This week the South Australian Government suddenly vowed to overturn its new electoral laws thanks to a volatile mix of tabloid incitement, voter ignorance and a premier leery of losing a looming election — all fuelled by Twitter's meth-paced rumour mill.
commentary This week the South Australian Government suddenly vowed to overturn its new electoral laws thanks to a volatile mix of tabloid incitement, voter ignorance and a premier leery of losing a looming election — all fuelled by Twitter's meth-paced rumour mill.
The law was stupid and unenforceable. And I think SA's Attorney-General Michael Atkinson is a goose.
Yet the geeks screeching "censorship!" and "threat to internet freedom!" seemed unaware that this law is just an extension of decades-old rules covering election comment.
Under section 116 of South Australia's Electoral Act 1985 you can't publish election commentary or advertising in print, or on radio or TV, unless it carries the full name and address of the person taking responsibility. You know that magic, "Written and authorised by …"
Such laws exist throughout Australia. They're intended to prevent anonymous misinformation like the Lindsay pamphlet scandal in 2007.
Nothing stirs up geeks more than the spectre of internet censorship — except maybe cutting off their torrents.
One, the need to identify the publisher of written material was extended to "a journal", including "a journal published in electronic form on the internet". That word "journal" is defined in the Act as "a newspaper, magazine or other periodical".
Two, anyone posting a comment to such a journal would have to supply their real name and postcode. The publisher would keep those details on file for six months, and provide them to the Electoral Commission when required or face a fine of up to $5000.
There's plenty to criticise here.
Does "journal" include a blog? It sounds like it could.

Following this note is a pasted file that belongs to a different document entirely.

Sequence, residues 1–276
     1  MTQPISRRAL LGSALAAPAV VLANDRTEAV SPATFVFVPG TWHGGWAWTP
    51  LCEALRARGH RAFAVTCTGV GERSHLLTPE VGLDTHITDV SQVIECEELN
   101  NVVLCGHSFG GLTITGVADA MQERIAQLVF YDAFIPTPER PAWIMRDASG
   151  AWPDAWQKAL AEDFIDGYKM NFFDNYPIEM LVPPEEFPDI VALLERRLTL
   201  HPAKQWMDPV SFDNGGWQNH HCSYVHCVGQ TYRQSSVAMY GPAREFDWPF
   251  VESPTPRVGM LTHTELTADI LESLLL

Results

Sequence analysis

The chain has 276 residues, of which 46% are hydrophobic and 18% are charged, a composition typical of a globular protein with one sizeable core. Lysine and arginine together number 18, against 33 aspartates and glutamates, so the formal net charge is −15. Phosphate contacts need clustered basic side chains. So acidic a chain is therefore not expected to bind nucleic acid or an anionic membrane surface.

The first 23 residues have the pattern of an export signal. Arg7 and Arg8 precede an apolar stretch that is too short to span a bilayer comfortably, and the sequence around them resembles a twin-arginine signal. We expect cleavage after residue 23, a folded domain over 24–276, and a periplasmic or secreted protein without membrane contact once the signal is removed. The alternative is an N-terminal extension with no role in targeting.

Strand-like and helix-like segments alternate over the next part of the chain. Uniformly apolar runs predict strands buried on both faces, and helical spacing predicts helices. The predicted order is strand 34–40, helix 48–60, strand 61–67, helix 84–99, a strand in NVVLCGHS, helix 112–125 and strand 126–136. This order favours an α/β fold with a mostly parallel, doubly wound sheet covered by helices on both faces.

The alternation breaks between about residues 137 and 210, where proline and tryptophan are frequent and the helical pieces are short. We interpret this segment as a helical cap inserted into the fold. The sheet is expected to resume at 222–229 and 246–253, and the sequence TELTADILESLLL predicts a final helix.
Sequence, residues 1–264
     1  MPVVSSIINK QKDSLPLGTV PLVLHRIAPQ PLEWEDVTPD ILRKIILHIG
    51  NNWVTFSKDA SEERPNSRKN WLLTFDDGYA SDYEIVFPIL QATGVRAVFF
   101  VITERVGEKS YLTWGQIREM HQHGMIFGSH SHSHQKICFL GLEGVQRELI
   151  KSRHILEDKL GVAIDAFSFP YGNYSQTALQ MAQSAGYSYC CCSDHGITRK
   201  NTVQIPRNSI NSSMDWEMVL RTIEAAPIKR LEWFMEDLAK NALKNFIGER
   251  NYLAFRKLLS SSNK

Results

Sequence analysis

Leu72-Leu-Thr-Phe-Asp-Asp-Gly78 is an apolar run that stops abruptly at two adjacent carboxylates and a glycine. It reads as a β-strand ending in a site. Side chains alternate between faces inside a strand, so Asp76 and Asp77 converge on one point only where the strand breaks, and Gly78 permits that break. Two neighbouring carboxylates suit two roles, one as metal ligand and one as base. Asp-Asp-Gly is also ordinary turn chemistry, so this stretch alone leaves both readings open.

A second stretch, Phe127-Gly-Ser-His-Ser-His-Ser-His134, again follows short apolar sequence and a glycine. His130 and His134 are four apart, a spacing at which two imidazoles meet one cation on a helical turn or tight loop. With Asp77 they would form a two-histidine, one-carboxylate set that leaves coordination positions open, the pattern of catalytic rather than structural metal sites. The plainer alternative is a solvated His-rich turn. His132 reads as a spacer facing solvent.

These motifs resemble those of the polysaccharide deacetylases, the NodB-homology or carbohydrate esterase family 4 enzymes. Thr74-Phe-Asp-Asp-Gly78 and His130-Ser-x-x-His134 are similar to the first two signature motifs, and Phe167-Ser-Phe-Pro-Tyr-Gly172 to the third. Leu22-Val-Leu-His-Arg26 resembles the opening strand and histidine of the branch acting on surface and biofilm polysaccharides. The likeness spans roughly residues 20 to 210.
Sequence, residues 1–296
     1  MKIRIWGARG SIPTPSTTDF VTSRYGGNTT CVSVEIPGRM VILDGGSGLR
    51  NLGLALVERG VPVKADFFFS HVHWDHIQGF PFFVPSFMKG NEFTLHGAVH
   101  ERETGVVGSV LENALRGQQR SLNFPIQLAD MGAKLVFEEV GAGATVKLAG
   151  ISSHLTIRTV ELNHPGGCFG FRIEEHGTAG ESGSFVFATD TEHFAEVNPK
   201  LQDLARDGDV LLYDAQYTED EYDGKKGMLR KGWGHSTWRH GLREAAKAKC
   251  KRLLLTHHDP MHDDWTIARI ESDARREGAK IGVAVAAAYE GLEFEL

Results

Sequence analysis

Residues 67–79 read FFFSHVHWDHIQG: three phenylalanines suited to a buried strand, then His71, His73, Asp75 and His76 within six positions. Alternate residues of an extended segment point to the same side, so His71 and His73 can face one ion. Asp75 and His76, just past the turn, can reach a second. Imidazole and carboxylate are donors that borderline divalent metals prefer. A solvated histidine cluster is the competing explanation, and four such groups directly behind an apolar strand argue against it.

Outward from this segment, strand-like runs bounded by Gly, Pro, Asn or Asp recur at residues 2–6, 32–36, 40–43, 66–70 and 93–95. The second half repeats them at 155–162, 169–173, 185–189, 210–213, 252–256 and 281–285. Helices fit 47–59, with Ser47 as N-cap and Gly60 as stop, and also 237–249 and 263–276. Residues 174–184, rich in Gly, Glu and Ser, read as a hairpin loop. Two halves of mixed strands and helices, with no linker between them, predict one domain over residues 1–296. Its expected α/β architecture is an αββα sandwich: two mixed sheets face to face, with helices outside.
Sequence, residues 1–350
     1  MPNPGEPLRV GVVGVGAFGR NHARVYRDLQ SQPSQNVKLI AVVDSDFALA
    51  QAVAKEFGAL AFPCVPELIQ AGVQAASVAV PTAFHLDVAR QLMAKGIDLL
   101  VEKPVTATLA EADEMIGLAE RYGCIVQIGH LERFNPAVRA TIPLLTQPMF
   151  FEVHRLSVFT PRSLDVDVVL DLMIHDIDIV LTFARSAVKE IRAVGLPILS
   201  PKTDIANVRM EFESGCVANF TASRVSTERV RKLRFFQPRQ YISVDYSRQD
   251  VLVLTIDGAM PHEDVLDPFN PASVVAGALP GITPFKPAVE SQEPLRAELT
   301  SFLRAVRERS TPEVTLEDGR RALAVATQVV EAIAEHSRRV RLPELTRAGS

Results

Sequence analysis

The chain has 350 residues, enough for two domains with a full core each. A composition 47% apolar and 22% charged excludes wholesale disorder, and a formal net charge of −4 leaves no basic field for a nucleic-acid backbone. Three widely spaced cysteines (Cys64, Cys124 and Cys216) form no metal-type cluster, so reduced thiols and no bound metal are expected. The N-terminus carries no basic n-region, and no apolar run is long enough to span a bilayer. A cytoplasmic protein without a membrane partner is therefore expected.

Does it include Twitter? Twitter could be considered a micro-journal, after all.
"We aim to catch web pages and, therefore, it would cover blog sites, Wikipedia and internet newspapers such as AdelaideNow, but we do not want to go into twittering because that is too much like individual communication over a mobile phone. So, that is where we are putting the boundary," Atkinson told parliament on 2 June 2009.
So it sounds like a little more thought could have been put into the law. But it's nothing compared with the plight of citizens in China's Xinjiang region. Twenty million people in an area twice the size of New South Wales have reportedly been cut off from SMS and the internet for six months because of ethnic riots.
No one is being "censored" here. They're only being told to put their names to their opinions. And while it could be argued that banning anonymity can prevent people expressing dissenting views, it's only during official election periods, typically four weeks every three years.
But of course nothing stirs up geeks more than the spectre of internet censorship — except maybe cutting off their torrents.
Geeks seemed unaware all this was even happening until The Advertiser and its online arm AdelaideNow pressed the button marked 'O noes! They is censorising your internets!'
Yet, geeks seemed unaware all this was even happening until The Advertiser and its online arm AdelaideNowpressed the button marked "O noes! They is censorising your internets!"
Once that button was pressed, AdelaideNow stirred the outrage and able to display only 1000 comments per article, posted new stories to accommodate the furore.
SA was compared with China, North Korea, Nazi Germany, Orwell's Nineteen Eighty-Four. Michael Atkinson, already derided for continuing to block an R18+ classification for computer games, was Zimbabwe's president, Robert Mugabe.
Facing this deluge of recreational outrage less than six weeks out from the election on 20 March, and with its lead narrowing in the polls, the government caved in with a tweet from the premier saying "Attn Gen Mick Atkinson will move after election to repeal retrospectively provision of Electoral Act relating to internet/blog poll comment".
Do we really want Government 2.0 to work this way?
Do we really want laws that have been developed over months chucked out in the middle of the night by panicky politicians, once the tabloid media have finally whipped up an angry mob wielding virtual pitchforks?
Or do we want the geeks involved far earlier in the political process, helping to prevent daft internet laws being passed in the first place?